With the advent of the sequester, we are seeing a set of cuts that were designed specifically not to take place.
The worst effects of the sequester have yet to come into effect, with a government shutdown and enforced public-sector furloughs due to take place within the month. These cuts have, so far, failed in their aim to prompt meaningful action on behalf of Congress and the White House. While the situation remains grim, the comparisons with European austerity are somewhat premature.
Here in the United Kingdom, Chancellor George Osborne has doubled down on austerity measures. Operating under the slogan “we’re all in this together,” the Conservative-Liberal Democratic government has decided to embark on deep cuts to social programs, and raise taxes on middle-income earners, while eschewing a proposed tax on homes over £2m in value. Ratings agency Moody’s has weighed in by downgrading the UK’s credit rating from AAA to AA1, due to their expectations of “sluggish’’ UK economic growth extending into the second half of the decade. While this move is likely to have greater political ramifications than tangible fiscal implications, it serves as a damning indictment of the country’s strategy of cutting its way out of the crisis. In an attempt to defer blame from his parties’ own policies, Cameron has floated a referendum on Britain exiting the EU, implying that this would be a solution to the floundering economy. In truth, the problem is ideological, and is facilitated by a system of government that generally affords considerable power to the legislature.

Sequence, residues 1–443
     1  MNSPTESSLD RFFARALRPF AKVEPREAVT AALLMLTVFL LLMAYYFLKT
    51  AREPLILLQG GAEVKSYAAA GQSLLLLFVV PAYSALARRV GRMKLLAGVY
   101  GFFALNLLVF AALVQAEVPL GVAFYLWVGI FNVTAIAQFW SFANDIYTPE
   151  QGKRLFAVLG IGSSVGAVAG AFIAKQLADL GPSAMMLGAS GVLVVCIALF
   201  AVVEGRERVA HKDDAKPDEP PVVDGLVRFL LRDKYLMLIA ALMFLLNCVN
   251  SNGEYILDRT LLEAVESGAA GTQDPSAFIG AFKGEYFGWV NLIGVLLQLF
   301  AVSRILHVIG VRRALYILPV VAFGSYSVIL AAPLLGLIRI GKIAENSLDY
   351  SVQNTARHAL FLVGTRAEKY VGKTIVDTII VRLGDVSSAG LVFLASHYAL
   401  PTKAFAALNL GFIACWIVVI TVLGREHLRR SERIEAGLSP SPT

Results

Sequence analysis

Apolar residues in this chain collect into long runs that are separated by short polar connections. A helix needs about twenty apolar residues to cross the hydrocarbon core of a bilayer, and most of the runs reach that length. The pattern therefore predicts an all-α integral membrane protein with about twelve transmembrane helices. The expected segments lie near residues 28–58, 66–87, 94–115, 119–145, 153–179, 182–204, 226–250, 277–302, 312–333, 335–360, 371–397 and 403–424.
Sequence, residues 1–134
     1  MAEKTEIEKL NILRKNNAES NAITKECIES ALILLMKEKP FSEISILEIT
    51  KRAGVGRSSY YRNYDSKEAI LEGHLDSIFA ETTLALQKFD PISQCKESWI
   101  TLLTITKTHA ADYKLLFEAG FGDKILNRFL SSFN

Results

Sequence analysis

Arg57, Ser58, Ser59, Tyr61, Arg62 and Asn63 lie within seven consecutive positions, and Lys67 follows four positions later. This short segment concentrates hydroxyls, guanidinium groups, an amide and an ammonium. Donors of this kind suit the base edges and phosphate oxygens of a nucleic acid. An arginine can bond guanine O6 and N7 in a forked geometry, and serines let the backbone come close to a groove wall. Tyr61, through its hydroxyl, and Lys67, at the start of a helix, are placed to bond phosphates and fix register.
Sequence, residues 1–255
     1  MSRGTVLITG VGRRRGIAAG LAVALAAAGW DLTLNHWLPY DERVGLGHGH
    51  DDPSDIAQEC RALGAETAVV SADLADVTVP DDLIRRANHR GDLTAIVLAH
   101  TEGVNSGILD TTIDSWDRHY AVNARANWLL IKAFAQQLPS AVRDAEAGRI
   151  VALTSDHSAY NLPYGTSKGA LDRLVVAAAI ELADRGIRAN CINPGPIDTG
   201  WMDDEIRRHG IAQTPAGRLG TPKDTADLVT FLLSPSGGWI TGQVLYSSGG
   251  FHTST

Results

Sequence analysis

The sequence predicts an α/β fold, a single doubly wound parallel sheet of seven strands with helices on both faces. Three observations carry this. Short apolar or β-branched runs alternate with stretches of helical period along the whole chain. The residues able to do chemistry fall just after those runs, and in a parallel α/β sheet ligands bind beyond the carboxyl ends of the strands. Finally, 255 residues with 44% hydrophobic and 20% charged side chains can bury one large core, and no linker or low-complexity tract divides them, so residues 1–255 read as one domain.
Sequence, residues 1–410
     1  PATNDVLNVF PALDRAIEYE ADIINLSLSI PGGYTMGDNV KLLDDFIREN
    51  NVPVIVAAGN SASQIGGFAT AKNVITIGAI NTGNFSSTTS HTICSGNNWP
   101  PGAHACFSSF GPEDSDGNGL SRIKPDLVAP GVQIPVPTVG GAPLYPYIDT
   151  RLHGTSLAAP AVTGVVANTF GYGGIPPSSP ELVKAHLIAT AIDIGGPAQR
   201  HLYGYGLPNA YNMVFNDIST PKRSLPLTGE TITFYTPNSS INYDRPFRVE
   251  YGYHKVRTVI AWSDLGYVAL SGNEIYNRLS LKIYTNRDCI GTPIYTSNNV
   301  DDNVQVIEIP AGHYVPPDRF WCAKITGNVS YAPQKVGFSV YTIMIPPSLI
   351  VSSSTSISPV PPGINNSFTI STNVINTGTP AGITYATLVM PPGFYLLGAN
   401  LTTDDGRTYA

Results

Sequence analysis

What we see in Europe differs from the current sequestration battle. The difference with this current debacle is that it has been manufactured by inaction, rather than policy. As mentioned, the sequester was designed as a deterrent, with both sides engineering it as a reason to make progress. Rather than intentional and targeted cuts, it is a case of dramatically underestimating the quagmire that is this current stand-off. The ham-fisted nature of the cuts, while more amenable to Republicans, do not represent a permanent strategy. Government shutdown and worker furloughs are not sustainable in the long-run.
As these cuts are unsustainable, it is likely that we will, once again, see an agreement that does just enough to get by. What appears to be likely is an agreement to extend to the end of the fiscal year. Based on the history of this continued debacle, and the likelihood that both parties will want to avoid a repeat of the 1995 shutdown, it appears that we will muddle through to another arbitrary deadline.
Rather than an attempt at creating European-style austerity measures, we can view the latest sequester fight as another example of Congressional gridlock. While there may be those who crave such measures, we can’t expect any dramatic turn in policy while the current malaise continues.